Cook said he wasn’t op­ti­mistic, how­ever, that state GOP lead­ers would drop the idea. He ridiculed the non­bind­ing ques­tion on the topic that was put to Repub­li­can vot­ers dur­ing last week’s pri­mary, say­ing it was “framed to make sure every­body voted for it.” Of the more than 1.5 mil­lion peo­ple who voted, 90 per­cent voted in fa­vor.

Ama­zon’s HQ2

In 2016 and early last year, Ab­bott stayed out of the bath­room fight. He did not come off the fence and say he’d sign a bath­room bill un­til mid-april, when there were just six weeks left in the 140-day reg­u­lar leg­isla­tive ses­sion. Cook, who heads the pow­er­ful House State Af­fairs Com­mit­tee, sat on the bill. When Ab­bott re­sus­ci­tated it in a late-sum­mer spe­cial ses­sion, Cook again quashed it.

Dal­las Mav­er­icks owner and tele­com pioneer Mark Cuban told the panel that the bath­room bill could hurt Texas’ chances of land­ing the re­tail giant Ama­zon’s sec­ond head­quar­ters and other eco­nomic-devel­op­ment plums.

“When the Leg­is­la­ture takes ex­treme po­lit­i­cal po­si­tions on is­sues, it presents a man­age­ment risk to large cor­po­ra­tions, like Ama­zon, that might want to move here,” he tes­ti­fied.

Dal­las Stars ex­ec­u­tive Jim Lites, Dal­las busi­ness­man Tom Luce and Perot Group chair­man H. Ross Perot Jr. also tes­ti­fied that they were con­cerned that the Leg­is­la­ture’s pri­or­i­ties might be out of whack.

“The Texas mir­a­cle wasn’t a mir­a­cle,” Luce said. It was in­stead the re­sult of care­ful ef­forts by the busi­ness com­mu­nity and state lead­ers, he said.

Pa­trick has hotly dis­puted as­ser­tions that the bath­room bill would be an eco­nomic drag. He es­pe­cially as­sailed the Texas As­so­ci­a­tion of Busi­ness for a re­port it is­sued about the bill’s po­ten­tial costs.

On Tues­day, rep­re­sen­ta­tives for Pa­trick did not re­spond to a re­quest for com­ment.

School fi­nance

Cook’s panel also took Ab­bott to task over school fi­nance.

The 2.5-per­cent rev­enue cap on prop­erty tax rev­enue that Ab­bott re­cently pro­posed “will be detri­men­tal to school fund­ing” un­less the Leg­is­la­ture pro­vides more state aid, the re­port said.

The House panel em­pha­sized that, af­ter ad­just­ing for pop­u­la­tion growth and in­fla­tion, state spend­ing on pub­lic schools has de­creased nearly 16 per­cent since 2008. Deerthe­less clin­ing state sup­port is the big driver of in­creases in lo­cal school prop­erty taxes, which is about half of peo­ple’s to­tal prop­erty tax bill, Straus and the House panel stressed.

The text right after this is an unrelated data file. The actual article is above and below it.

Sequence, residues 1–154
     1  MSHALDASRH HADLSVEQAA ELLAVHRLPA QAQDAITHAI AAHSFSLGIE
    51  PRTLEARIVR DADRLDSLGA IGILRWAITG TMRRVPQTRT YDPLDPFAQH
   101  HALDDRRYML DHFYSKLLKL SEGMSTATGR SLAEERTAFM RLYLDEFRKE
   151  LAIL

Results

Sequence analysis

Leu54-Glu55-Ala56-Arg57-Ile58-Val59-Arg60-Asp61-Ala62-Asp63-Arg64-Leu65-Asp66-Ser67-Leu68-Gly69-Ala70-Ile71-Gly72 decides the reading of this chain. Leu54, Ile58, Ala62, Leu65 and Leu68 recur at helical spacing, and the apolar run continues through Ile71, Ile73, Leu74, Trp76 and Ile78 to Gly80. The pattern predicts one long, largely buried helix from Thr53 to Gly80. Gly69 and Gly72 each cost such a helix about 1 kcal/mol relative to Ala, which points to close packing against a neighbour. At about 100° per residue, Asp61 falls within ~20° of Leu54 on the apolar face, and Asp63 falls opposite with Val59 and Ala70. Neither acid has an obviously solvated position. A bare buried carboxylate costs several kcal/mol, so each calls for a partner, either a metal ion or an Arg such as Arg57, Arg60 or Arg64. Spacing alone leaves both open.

Also, the re­port said, the so­called sanc­tu­ary cities bill that Ab­bott and Pa­trick strongly sup­ported was, like the bath­room bill, an “un­nec­es­sary so­cial is­sue” that di­verted law­mak­ers from “crit­i­cal top­ics.”

Hous­ton Po­lice Chief Art Acevedo, the re­port noted, at­trib­uted a drop in the re­port­ing of sex­ual as­saults in His­panic neigh­bor­hoods in his city to the new law, which bars cities and coun­ties from pro­hibit­ing their em­ploy­ees from as­sist­ing fed­eral im­mi­gra­tion of­fi­cers. The law has eroded His­pan­ics’ trust in lo­cal po­lice of­fi­cers, Acevedo said.

Stan Marek, pres­i­dent and chief ex­ec­u­tive of a fam­ily-owned Hous­ton con­struc­tion com­pany, tes­ti­fied that the law has prompted many im­mi­grants, doc­u­mented and un­doc­u­mented, to refuse to go to South­east Texas work sites for fear that they would be de­tained by lo­cal po­lice.

The Dal­las area also has a short­age of con­struc­tion work­ers, the com­mit­tee said.

The com­mit­tee called for bet­ter state fund­ing of K-12 and higher ed­u­ca­tion and new ef­forts to at­tack a “mis­match” be­tween the skills of young peo­ple and the highly tech­ni­cal jobs of the chang­ing econ­omy.

It noted that a civil en­gi­neers group has given Texas a C-mi­nus for its over­all in­fras­truc­ture.

The re­port also said that the Texas Depart­ment of Trans­porta­tion needs a more sta­ble rev­enue source than the oil and gas sev­er­ance taxes awarded to it through a 2014 con­sti­tu­tional amend­ment.

It called for law­mak­ers to give more at­ten­tion to wa­ter sup­plies, im­proved ru­ral in­ter­net ser­vice, hous­ing con­struc­tion in flood­plains and high home prices in San An­to­nio and Austin.

File Photo/austin Amer­i­can-states­man

Sens. Bran­don Creighton (left), Bryan Hughes and Joan Huff­man dis­cussed the bath­room bill in the Se­nate last July. State lead­ers’ pre­oc­cu­pa­tion with such “man­u­fac­tured so­cial is­sues” has di­verted Texas from im­prove­ments cru­cial to cor­po­rate lo­ca­tion de­ci­sions, a state House panel says in a new re­port.